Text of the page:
The rules of HIIT are pretty simple: work really hard, rest, then work really hard again. If you’re taking a group fitness class or working out with a trainer, they’ll time your sets and rest periods and guide you as you go. But you absolutely don’t need a fancy gym, workout plan, or even any equipment at all—just find an activity that gets your heart rate up, and then apply the HIIT format to it.
A good place to start for beginners is with a 1:2 ratio of work to rest. So basically go all out on a chosen activity for, say, 30, 60, or 90 seconds, rest for twice as long, then start on the next set. (As you get better you can transition to a 1:1 ratio.) “Within those confines the possibilities are endless," Sulaver says. "You can sprint. You can use the assault bike. You can run stairs. It’s all technically HIIT, as long as it’s intense,” Sulaver says.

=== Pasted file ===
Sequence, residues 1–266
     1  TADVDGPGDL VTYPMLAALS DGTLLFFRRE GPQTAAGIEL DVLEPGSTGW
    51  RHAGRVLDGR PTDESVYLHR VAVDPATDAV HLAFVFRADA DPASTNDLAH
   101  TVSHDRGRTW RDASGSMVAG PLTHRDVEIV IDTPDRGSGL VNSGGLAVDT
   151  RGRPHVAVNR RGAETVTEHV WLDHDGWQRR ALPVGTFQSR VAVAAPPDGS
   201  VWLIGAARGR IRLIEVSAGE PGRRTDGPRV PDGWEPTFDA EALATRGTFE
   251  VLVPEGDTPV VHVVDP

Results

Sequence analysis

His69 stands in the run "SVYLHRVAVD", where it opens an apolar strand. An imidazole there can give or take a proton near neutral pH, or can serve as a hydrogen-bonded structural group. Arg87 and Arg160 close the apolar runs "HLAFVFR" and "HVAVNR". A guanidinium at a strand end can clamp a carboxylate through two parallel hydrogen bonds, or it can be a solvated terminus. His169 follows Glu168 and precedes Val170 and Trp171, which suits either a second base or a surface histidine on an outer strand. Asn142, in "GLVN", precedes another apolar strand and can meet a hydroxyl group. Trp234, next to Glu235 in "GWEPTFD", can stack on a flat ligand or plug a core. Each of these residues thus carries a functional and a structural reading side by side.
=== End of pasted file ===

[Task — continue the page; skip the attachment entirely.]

A typical HIIT session is about 20-45 minutes of working and resting. (Another popular workout similar to HIIT is Tabata training, where you are on for 20 seconds, off for 10 seconds, repeated for four minutes.